Limerick, my own adopted city, has a proud and even some would say defiant history of involvement in military affairs. From the Williamite siege of the city, to this year’s 75th anniversary celebration of the Irish Army’s Limerick based 12th Battalion home (in the aftermath of the Irish Civil War), the Treaty City has a wide swathe of experiences related to the World of Warfare.
But not everything of a military mindset is directly related to the business end of a soldiers job. Quite a significant amount of military logistical history can be traced to Limerick; from the havoc that manifested itself after the Patrick Sarsfield destroyed the Williamite army’s siege train, Limerick has provided a series of case studies for the military historian.
Geographically speaking, Limerick has a number of unique advantages. It is uniquely situated in Ireland at the furthest possible fording point on the mighty River Shannon, which by the time it reaches Limerick, has become a tidal estuary. This allows the ancient King Johns Castle an unrivalled position in terms of defence and control over the nodal bridiging points and trade. As the song goes ‘There is an Isle/A bonny isle/Which stretches forth/Proudly against the Sea.’
It was this trade which made (and still makes) Limerick a vitally important logistical and transportational hub. It is located at the Western edge of the ‘Golden Vale’, a geographical area in the Mid-Western sub-region of Ireland, famed for producing some of the beat bacon, cheese, dairy and beef products in the world. Limerick as the largest and nearest accessible natural port, facing the Atlantic ocean was a natural choice for a transhipment point. Indeed in the 19th century the city acquired the moniker ‘Pig Town’, such was the volume of its pork related exports.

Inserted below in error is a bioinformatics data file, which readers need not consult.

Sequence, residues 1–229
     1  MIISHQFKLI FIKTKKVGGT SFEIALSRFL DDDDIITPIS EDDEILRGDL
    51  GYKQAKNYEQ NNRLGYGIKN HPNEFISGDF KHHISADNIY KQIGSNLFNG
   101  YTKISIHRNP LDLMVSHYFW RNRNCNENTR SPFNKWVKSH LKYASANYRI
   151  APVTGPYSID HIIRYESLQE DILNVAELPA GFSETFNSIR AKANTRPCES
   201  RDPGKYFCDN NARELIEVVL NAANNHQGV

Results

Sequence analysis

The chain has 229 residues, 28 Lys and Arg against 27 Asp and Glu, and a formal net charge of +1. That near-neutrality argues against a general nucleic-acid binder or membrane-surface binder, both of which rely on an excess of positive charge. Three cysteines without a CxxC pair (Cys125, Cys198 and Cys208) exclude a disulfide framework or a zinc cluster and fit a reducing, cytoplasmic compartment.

Another key actor in this supply chain was the Tait Military Clothing Factory. The factory, located on Lord Edward Street a stones throw from the gates of the city’s Sarsfield Barracks (formerly the New Barracks), was a magnificent example of a military clothing purveyor during the 19th and early 20th centuries. The firm supplied many continental forces (including the British Army during the Great War, whose centenary we currently commemorate). More interestingly perhaps is the fact that Tait’s also supplied the Southern Confederate forces during the American Civil War. The eponymous ‘Tait Jacket’ was produced for the officer corps, in Limerick.
From their factory (portions of which still stand and are being redeveloped), the Tait’s supplied materials to the both Union and Confederate belligerents during their conflict.
An amusing anecdote is still told in Limerick of a Chandler who was contracted to supply the Confederates with tents, pegs and ropes. The merchant loaded a number of ships with the requested goods and despatched them. However in a manner similar to the destruction of the British Army’s Pals Battalions half a century later, disaster befell the convoy; one of the ships sank. This resulted in the ropes and pegs arriving unscathed on one ship and all of the tent canvas headed toward the briney deep!